As I understand it, writing your objects in an immutable style can help the performance of your program for compiled languages, as the compiler tends to rewrite your code in single static assignment form under the hood anyway.

Is there a performance benefit to using immutable objects in an interpreted language like Python or PHP?

I understand there may be readability or code quality benefits from immutability, but I am asking specifically about performance.

  • Any sources for the reasoning in your first paragraph? I don't doubt GHC and friends does explot immutability for all it's worth, but I'd be surprised if that blanket statement applies to all compilers. – user7043 Mar 14 '12 at 16:12
  • No source, just what I remember from compilers class.. – Kevin Burke Mar 14 '12 at 16:15

In CPython, allocation of tuples (basically immutable lists) can be slightly faster than an allocation of the equivalent mutable type with the same items. I vaguely remember similar rumors about immuable sets, but timeit didn't confirm it. Tuples can also be smaller than lists, from a few bytes to 50% (if you hit a spot where the list had to resize, and doubled its capacity to speed up future growth). Moreover, tuples and sets are - in some contexts - subject to peephole optimizations which allow creating the object once and re-using it instead of re-building it every time.

But that's mostly peanuts. It's not why we use these types, at least usually. If ever, these differences are only invoked when seriously optimizing. It's not an aspect I usually consider when deciding for either, especially since there are other benefits, not to mention the enormous semantic impact.


The major benefit of immutable variables come the moment you go distributed and have your data spread over several computers. Mutable data needs elaborate mechanisms to ensure that when data is updated, all copies in various caches are updated too, which besides being elaborate also take time.

Immutable data can be copied and cached as much as is needed. You are guaranteed that the data will not change.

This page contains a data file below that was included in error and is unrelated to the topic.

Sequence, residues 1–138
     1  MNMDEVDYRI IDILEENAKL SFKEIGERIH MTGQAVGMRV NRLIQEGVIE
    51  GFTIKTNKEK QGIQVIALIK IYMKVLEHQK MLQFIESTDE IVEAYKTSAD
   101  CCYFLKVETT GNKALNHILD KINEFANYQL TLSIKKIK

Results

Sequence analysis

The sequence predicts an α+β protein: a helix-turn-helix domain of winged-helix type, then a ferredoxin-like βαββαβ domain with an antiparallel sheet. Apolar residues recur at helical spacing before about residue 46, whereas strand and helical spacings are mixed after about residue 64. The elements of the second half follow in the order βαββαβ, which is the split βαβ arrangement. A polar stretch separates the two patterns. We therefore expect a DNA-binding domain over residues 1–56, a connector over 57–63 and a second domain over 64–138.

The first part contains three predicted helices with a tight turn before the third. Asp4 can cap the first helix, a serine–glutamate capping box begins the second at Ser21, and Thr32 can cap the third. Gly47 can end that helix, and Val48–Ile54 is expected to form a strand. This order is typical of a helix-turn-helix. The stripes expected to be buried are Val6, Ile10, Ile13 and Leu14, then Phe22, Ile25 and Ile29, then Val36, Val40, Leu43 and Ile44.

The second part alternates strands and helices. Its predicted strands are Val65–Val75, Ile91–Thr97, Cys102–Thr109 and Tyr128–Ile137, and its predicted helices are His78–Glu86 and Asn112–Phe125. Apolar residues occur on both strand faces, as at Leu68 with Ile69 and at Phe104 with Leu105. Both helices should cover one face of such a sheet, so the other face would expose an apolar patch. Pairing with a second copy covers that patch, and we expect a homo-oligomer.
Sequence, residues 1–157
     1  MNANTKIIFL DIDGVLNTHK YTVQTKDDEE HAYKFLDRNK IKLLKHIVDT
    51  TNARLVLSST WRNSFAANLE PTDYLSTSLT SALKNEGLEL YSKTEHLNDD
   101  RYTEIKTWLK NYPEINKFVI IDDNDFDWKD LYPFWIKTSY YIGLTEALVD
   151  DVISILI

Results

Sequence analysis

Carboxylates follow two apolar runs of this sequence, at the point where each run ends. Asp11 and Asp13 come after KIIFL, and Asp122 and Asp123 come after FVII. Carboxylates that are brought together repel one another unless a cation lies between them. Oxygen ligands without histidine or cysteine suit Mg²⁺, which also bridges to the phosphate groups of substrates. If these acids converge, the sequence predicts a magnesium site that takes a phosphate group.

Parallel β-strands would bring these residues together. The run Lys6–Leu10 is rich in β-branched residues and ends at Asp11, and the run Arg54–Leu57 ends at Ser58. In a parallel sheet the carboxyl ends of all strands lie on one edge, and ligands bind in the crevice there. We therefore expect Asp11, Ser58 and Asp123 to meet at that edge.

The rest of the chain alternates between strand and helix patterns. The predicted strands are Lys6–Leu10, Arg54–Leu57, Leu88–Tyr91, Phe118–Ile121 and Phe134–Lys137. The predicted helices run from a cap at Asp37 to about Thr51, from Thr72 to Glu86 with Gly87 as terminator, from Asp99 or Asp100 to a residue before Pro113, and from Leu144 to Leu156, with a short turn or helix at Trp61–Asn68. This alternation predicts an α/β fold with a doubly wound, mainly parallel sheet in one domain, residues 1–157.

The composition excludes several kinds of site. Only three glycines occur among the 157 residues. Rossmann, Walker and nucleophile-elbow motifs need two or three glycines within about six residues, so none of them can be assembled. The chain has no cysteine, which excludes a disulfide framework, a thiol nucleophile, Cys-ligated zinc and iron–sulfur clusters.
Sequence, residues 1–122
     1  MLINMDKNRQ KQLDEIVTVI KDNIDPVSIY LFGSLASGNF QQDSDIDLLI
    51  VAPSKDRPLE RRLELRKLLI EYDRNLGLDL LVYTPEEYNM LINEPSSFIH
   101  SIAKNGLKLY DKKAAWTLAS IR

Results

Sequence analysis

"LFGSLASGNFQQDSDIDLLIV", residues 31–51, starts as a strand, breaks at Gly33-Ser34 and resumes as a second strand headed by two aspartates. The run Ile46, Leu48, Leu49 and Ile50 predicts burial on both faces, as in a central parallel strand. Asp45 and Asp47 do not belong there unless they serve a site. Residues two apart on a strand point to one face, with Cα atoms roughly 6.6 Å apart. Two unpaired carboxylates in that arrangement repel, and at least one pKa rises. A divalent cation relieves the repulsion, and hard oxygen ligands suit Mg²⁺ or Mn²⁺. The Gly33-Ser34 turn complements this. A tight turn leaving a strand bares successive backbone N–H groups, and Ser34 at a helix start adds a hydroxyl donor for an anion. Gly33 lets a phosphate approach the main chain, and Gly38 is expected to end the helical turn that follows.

I do not know if Jython supports multi-threading, if so, it would be an advantage on heavily multithreaded, multi-core applications.

  • Would have downvoted if I had reputation enough, he was pretty clear about the question scope: "I understand there may be readability or code quality benefits from immutability, but I am asking specifically about performance." – Christoffer Bubach Dec 29 '18 at 23:04
  • I think he is pretty clear. If there is multi-thread/core support immutable structures don't require the overhead of syncing. I will add that, depending on the context of business, you might need to get the latest object; but the one you have cached is still true, is still valid. – Pedro Rodrigues Jun 18 '20 at 10:02

In Python there is nothing in the language itself to mark an object as immutable so no hints can be given to the interpreter for optimization.

If the process is threaded and the object has "protected" properties then programmers don't need to worry about synchronization when using that object so there could be a performance gain.

  • I'm confused by your answer, because python does indeed have immutable objects. What does "mark[ing] an object" have to do with the use of existing immutable objects in python? – Bryan Oakley Mar 15 '12 at 12:18
  • There are immutable built in objects. I am talking about user defined objects. There is no flag or other method to indicate to the interpreter that the user defined object is immutable thus allowing optimizations to occur. – Lance Helsten Mar 15 '12 at 12:44
  • Fast forward to 2020, there are dataclasses and frozen dataclasses. Frozen dataclasses are immutable classes. – Pedro Rodrigues Jun 18 '20 at 9:59

in Python and PHP there's very little benefit, most of it because immutable structures are usually simpler and smaller because they don't have to support any modifying feature.

OTOH, modern JITs (like LuaJIT or any modern JavaScript) could take advantage of any opportunity to constrain possibilities and produce tighter code (similar to what compilers do, but way more aggressively).

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